Joe Cadagin holds a PhD in Musicology from Stanford University, and has been a long-time journalist in the world of opera. He is a regular features writer and recording critic for Opera News, and a former contributor to San Francisco Classical Voice and Fanfare. His public writing centres on opera with emphasis on works written in the past 60 years, particularly those by little-known, underrated, and underrepresented composers. Joe is the JHI's 2021-22 New Media Public Humanities Fellow.
JHI: What are your main research interests?
JC: I am a musicologist, and I specialize in the work Hungarian composer György Ligeti, whose weird and wonderful Lewis Carroll madrigals I explored in my dissertation. Related to this research, I’m interested in contemporary vocal repertoire based on Alice in Wonderland. My latest project examines a 2007 operatic adaptation by Ligeti’s student, Korean composer Unsuk Chin. Alongside my academic pursuits, I serve as a features writer and recording critic for Opera News magazine, mainly reviewing CDs and DVDs of world premieres.
JHI: What research project(s) are you working on now at the JHI and why did you choose it?
JC: I will be developing a podcast entitled Opera Obscura, which I’ve dreamed of producing for the past few years. Like many opera fans, I’m an avid recording collector and an obsessive consumer of this addicting art form. I’ve listened to (an obscene) 850 works since first encountering La bohème in high school. In my excavations of bargain bins and back catalogues, I’ve unearthed some bizarre operatic specimens from the past few decades: sci-fi spectacles, celebrity tragedies, and even a surrealist extravaganza starring Dalí himself. In most cases, these are works that are no longer mounted (or were never performed live in the first place!), their existence preserved only on dusty, out-of-print CDs. In showcasing these forgotten masterpieces on my podcast, I hope to generate some curiosity about their creators—many of whom are still living—and perhaps pave the way for overdue revivals.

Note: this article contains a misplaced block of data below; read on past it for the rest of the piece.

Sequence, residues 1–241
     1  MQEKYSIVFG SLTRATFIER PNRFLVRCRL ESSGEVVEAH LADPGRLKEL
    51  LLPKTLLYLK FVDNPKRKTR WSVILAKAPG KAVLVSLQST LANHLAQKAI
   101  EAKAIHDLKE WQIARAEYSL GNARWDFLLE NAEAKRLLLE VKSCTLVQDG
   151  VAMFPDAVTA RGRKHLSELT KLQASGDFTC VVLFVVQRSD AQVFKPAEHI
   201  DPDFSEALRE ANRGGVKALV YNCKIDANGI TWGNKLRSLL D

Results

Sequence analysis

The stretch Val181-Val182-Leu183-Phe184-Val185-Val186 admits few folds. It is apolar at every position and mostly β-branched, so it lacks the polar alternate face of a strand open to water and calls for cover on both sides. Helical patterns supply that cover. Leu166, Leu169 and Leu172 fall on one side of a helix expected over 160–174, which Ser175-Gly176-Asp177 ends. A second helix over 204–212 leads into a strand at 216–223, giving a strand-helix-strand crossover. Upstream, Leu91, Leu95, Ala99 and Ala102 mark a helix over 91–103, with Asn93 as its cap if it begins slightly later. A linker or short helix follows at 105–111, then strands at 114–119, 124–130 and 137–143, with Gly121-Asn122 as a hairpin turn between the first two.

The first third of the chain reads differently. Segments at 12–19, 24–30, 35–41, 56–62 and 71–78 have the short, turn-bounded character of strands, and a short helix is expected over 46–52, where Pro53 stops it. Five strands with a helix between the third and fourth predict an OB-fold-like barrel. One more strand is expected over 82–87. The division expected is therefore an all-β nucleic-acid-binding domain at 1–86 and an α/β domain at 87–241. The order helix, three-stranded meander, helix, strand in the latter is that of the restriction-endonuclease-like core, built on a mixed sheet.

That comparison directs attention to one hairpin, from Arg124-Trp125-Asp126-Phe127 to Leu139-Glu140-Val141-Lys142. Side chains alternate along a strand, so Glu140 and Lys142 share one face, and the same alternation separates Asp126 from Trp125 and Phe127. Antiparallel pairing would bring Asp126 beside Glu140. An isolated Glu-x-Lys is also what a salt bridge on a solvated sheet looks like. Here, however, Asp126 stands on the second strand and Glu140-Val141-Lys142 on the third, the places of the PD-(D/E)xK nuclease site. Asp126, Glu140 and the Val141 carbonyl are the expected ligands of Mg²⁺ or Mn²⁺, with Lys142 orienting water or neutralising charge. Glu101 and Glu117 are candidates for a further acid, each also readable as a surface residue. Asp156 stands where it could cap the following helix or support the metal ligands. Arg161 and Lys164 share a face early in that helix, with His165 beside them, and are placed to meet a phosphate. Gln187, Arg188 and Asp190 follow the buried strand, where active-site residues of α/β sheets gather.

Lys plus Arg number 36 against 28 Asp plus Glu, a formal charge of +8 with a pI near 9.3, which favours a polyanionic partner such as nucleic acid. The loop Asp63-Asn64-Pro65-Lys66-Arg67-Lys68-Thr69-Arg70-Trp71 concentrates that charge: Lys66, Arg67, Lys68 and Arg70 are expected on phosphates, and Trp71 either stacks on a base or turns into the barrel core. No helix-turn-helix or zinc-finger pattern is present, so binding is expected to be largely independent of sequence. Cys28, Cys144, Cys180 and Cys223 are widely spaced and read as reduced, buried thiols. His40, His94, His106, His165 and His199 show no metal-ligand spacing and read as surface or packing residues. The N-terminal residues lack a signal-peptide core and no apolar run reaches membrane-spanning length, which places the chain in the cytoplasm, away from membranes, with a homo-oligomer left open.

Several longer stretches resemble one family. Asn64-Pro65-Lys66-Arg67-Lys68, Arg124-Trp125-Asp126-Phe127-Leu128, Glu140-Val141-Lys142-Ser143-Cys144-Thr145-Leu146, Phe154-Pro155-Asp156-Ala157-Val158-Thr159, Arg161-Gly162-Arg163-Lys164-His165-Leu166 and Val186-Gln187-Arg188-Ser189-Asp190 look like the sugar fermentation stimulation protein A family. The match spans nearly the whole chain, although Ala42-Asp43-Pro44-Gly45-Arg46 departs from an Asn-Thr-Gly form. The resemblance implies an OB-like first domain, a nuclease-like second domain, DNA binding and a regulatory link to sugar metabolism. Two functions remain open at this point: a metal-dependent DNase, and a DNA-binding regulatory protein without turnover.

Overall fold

JHI: What experiences are you hoping for at the JHI?
JC: In honour of my gracious Canadian hosts (I’m from the States), I wanted to devote my first episode to a Canuck composer. R. Murray Schafer, who sadly passed away in August after suffering from Alzheimer’s, is a figure whose all-embracing music I’ve admired since reviewing his massive end-of-days oratorio Apocalypsis. For Opera Obscura, I’ll be discussing his Ra, an all-night work of ritual theatre that follows the Egyptian sun god’s passage through the Underworld. I plan to take advantage of my year in Toronto by interviewing cast and crew members who were involved with his first (and only) production. I also intend to do some on-the-scene investigation at the Ontario Science Centre, where Ra premiered in 1983.
JHI: Share something you read/watched/listened to recently that you enjoyed/were inspired by.
JC: I recently discovered the little-known world of Yiddish-language cinema that flourished right before the Holocaust. There’s an American-produced film from 1939, Tevya, that’s based on the same Sholem Aleichem stories that inspired Fiddler on the Roof. The final reconciliation between Tevya and his daughter Chava in this earlier movie is one of the most moving scenes I’ve ever seen—I’ve never sobbed so hard at an ending!
JHI: What is a fun fact about you?
JC: I tinkle at the piano in my spare time. My favourite composer to play lately has been Alexander Scriabin, who wrote some really psychedelic sonatas steeped in mysticism. During grad school, I also took up the harpsichord, since I figured I’d never have another chance to play this fantastic baroque keyboard.
This profile is part of the JHI Circle of Fellows Spotlight, a series where we highlight each Fellow, their interests, and their research so that you can get to know them a little better.